"Though weight-loss books will doubtless always be more popular, what might be called weight-gain books, which attempt to account for our corpulence, are an expanding genre," writes Elizabeth Kolbert in a recent New Yorker. She then expounds upon our increasing waistlines by quoting from some of the more provacative books on the topic.
According to Kolbert, men and women are now on average of 17 and 19 pounds heavier, respectively, than they were in the late seventies. And there is no shortage of explanations to tell us why. Evolutionary theorists explain that, due to the unpredictability of food supplies during primitive times, the body was designed to hoarde calories during times when food was accessible. While, for most Americans, food is as near as the closest vending machine, our bodies are still operating under a mentality of scarcity. Meanwhhile, economists postulate that the cheap cost of calories -- in the familiar forms of soda, cookies, and triple-burgers -- encourages people to consume more.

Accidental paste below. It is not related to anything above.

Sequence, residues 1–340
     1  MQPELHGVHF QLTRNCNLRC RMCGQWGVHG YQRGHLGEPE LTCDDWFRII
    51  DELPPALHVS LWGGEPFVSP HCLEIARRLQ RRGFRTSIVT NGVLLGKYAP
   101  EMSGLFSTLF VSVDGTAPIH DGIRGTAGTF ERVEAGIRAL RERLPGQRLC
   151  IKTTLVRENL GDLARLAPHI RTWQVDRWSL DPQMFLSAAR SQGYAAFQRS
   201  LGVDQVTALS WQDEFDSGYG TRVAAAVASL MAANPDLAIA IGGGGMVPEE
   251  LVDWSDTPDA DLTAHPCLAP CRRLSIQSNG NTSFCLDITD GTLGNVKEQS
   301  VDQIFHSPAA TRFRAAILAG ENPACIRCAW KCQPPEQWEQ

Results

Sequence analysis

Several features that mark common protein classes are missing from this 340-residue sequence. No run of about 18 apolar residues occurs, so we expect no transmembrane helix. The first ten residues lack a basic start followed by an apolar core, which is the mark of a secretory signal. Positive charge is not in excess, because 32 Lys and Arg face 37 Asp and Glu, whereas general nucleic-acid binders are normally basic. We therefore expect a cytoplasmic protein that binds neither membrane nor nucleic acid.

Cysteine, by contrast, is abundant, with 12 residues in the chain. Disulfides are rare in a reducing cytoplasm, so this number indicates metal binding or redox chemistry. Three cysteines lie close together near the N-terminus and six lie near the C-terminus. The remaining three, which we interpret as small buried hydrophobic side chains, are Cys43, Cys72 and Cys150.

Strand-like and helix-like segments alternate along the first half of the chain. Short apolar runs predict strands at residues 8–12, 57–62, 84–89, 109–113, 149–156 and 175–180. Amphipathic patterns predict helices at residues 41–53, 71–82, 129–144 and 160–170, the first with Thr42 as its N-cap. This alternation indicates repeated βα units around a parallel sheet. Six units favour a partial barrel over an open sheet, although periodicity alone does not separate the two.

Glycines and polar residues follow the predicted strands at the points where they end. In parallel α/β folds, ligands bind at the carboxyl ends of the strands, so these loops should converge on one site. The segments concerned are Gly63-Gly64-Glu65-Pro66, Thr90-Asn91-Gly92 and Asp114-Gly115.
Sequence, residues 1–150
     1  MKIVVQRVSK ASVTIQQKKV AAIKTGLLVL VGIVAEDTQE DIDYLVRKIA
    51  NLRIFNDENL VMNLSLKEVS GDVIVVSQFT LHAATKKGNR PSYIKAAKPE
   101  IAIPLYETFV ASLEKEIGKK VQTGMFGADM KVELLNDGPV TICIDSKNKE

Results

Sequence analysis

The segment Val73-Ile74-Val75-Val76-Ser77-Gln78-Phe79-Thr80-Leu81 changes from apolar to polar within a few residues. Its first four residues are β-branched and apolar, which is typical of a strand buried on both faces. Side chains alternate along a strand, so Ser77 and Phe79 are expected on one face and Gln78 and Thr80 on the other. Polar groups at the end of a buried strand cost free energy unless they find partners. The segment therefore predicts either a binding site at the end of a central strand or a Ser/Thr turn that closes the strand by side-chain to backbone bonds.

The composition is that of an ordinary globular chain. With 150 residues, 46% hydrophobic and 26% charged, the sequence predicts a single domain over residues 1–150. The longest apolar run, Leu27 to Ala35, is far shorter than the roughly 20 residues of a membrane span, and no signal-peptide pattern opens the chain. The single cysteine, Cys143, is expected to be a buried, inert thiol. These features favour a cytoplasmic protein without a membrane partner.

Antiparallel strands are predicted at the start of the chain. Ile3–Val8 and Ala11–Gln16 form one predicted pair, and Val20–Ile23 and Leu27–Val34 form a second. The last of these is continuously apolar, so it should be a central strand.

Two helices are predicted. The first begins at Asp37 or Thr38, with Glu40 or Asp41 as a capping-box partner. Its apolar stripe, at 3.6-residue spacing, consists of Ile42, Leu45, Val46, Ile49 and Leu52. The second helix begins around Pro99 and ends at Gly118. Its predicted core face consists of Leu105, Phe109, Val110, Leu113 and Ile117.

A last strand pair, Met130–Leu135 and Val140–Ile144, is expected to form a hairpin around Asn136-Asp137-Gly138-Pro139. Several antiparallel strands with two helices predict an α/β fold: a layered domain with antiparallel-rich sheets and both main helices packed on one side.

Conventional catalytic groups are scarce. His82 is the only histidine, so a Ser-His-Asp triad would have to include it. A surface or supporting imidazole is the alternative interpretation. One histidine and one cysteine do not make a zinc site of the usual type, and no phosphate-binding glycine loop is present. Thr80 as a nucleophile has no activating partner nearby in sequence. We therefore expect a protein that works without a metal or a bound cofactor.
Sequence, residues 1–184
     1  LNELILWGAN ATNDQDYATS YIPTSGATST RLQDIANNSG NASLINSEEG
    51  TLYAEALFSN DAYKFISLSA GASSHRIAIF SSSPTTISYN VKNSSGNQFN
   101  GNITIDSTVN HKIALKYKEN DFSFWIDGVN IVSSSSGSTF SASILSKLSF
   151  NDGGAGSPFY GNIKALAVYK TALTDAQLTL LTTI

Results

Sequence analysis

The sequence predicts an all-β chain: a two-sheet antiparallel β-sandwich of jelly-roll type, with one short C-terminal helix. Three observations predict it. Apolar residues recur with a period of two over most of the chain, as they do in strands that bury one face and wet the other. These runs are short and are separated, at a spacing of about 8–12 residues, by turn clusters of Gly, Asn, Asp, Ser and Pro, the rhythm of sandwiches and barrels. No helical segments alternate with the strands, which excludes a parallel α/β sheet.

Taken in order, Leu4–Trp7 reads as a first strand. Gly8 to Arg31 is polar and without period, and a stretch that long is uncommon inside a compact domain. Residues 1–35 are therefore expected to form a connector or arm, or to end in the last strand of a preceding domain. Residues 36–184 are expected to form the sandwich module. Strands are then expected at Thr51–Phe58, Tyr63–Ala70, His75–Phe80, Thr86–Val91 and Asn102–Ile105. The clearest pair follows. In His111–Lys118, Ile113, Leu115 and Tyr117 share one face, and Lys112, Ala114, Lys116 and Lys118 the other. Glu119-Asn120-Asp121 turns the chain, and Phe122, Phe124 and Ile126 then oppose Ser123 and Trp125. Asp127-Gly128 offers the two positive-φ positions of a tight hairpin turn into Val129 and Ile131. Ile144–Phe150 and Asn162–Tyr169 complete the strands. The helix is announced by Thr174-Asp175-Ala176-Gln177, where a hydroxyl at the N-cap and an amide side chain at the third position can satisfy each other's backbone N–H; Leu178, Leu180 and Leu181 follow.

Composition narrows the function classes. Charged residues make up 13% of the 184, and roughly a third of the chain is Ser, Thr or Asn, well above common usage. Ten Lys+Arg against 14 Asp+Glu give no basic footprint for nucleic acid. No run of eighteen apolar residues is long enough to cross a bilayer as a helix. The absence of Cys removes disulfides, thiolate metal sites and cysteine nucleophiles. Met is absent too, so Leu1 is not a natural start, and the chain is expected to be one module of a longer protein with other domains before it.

Citing from “The End of Overeating” by David A. Kessler, Kolbert talks about food as entertainment and the fact that by rewarding ourselves with Cheetoes and Cinnabons we reinforce the ongoing need for these treats, also known as “conditioned hypereating." Finally, the elasticity of the human appetite is the subject of Brian Wansink’s “Mindless Eating” tome. Kolbert recounts several experiments where Wansink was able to demonstrate that the amount of food we eat is related to portion size vs. internal cues about hunger.
Lest we feel alone, by the end of the article we discover that in Cyprus, the Czech Republic, Finland, Germany, Greece, Malta, and Slovakia, the proportion of overweight adults is actually higher than in the U.S. Whatever the root cause, obesity is definitely an epidemic that's spreading.